‘This briefing contributes to that knowledge.’

Prof Sampson said: ‘We find that the costs of independence to the Scottish economy are likely to be two to three times greater than the costs of Brexit.

‘Moreover, rejoining the EU following independence would do little to mitigate these costs, and in the short run would probably lead to greater economic losses than maintaining a common economic market with the rest of the UK.’

The Scottish Government’s Economy Secretary Fiona Hyslop responded to the report, saying: ‘As an independent member of the EU, free from the damage of Brexit, Scotland would be part of the huge Single Market which is seven times the size of the UK.

‘There is no reason whatsoever that Scotland could not emulate the success of independent countries of our size which are far wealthier per head than the UK.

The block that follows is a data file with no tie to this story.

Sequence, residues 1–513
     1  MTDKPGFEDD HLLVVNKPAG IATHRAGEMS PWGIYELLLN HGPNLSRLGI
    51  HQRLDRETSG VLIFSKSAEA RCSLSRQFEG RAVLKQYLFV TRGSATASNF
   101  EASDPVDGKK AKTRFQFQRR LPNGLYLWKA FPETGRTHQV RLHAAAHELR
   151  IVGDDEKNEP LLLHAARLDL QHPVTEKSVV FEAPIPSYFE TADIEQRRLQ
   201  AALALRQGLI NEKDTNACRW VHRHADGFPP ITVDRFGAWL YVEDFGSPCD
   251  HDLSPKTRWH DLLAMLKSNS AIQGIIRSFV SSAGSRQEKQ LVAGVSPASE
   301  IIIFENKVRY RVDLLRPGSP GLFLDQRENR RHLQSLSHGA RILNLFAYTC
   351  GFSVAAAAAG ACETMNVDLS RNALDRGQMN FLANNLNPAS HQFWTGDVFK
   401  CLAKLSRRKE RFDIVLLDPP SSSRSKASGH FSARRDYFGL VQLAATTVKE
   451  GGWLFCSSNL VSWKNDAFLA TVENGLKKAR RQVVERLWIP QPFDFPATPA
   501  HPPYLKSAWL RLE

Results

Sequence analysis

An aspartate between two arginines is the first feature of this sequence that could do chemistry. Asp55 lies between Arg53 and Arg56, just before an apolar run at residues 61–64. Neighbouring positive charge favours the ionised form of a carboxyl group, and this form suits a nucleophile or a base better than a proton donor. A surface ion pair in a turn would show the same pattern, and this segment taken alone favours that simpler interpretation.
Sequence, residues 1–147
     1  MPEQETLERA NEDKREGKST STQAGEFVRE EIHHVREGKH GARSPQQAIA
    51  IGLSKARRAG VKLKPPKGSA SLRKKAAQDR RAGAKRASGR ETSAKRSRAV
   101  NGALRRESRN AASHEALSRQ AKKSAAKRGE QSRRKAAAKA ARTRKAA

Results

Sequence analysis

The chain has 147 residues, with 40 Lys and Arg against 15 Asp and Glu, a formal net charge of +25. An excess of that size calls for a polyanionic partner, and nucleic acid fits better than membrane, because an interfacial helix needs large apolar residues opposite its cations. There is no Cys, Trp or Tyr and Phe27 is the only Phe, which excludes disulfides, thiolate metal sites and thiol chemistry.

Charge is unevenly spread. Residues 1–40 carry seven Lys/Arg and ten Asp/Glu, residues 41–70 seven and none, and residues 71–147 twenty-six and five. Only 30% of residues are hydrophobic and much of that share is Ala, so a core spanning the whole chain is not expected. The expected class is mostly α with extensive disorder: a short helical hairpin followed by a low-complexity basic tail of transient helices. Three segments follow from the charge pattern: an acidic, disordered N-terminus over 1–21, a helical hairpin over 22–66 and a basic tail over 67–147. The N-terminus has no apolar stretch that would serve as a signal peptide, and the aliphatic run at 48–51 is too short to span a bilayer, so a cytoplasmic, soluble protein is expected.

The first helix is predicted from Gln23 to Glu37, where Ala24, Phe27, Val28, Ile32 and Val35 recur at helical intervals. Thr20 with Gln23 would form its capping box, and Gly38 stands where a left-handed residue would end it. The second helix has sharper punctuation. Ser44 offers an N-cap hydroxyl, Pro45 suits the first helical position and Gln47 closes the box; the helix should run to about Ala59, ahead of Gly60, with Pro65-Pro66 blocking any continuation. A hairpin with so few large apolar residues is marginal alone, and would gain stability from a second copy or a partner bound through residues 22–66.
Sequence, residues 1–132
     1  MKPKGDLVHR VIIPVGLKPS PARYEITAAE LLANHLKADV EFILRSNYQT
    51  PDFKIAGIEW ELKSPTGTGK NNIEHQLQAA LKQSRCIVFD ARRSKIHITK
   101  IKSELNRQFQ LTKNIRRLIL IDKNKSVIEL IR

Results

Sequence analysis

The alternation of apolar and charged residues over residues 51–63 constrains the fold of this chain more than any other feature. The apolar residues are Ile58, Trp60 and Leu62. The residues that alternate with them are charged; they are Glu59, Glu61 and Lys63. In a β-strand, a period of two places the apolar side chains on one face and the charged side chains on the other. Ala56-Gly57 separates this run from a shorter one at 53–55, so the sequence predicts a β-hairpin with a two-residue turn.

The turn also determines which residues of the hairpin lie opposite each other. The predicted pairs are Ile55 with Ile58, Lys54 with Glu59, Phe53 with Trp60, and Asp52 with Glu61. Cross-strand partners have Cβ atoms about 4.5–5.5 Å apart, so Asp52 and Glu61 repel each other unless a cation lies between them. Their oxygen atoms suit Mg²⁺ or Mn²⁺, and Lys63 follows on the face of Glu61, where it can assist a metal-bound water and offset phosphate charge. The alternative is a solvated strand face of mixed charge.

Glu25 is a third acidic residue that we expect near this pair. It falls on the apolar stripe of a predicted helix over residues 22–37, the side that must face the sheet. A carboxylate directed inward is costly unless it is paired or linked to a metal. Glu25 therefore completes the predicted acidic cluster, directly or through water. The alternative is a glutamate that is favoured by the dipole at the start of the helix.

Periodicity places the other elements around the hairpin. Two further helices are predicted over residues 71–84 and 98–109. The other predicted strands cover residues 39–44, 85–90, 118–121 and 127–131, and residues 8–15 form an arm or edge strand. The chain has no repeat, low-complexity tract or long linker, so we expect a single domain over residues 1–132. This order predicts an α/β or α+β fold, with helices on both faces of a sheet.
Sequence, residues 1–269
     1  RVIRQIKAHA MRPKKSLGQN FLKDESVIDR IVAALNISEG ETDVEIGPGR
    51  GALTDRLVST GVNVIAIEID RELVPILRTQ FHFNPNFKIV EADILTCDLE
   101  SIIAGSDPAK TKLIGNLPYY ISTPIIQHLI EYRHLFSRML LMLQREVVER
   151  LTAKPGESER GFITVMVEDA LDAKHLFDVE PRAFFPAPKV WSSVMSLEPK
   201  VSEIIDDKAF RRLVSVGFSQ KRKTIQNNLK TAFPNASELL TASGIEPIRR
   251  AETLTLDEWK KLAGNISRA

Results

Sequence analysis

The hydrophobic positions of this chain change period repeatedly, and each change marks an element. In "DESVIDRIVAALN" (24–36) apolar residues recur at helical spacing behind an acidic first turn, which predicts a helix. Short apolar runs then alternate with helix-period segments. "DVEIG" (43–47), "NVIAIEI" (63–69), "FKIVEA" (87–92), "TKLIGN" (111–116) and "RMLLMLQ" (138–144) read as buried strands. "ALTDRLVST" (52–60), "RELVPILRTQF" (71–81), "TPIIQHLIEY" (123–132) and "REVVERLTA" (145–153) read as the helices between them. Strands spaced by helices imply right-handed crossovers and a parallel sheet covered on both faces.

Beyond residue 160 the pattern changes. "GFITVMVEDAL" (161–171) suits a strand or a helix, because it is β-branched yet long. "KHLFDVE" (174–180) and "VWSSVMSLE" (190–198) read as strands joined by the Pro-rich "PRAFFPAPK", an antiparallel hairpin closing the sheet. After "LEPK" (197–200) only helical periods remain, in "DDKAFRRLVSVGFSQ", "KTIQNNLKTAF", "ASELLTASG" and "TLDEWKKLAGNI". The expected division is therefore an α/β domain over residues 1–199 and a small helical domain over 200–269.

‘Denmark’s GDP per head is around 20 per cent higher than the UK’s and Norway’s is nearly 40 per cent higher.

‘In the real world, through membership of the EU, independent Ireland has dramatically reduced its trade dependence on the UK, diversifying into Europe and in the process its national income per head has overtaken the UK’s.’

She continued: ‘The study is also clear that it takes no account of any changes in migration policy, inward investment or any economic levers the Scottish Government would have control of in an independent Scotland to do things better and boost the economy.

‘With our economic resources and advantages, control of economic policy and membership of the EU Scotland would be very well placed to grow the economy.

‘It is still too early to calculate the long-term damage that Brexit will do to Scotland’s economy, but the disruption it is already causing is deeply concerning.’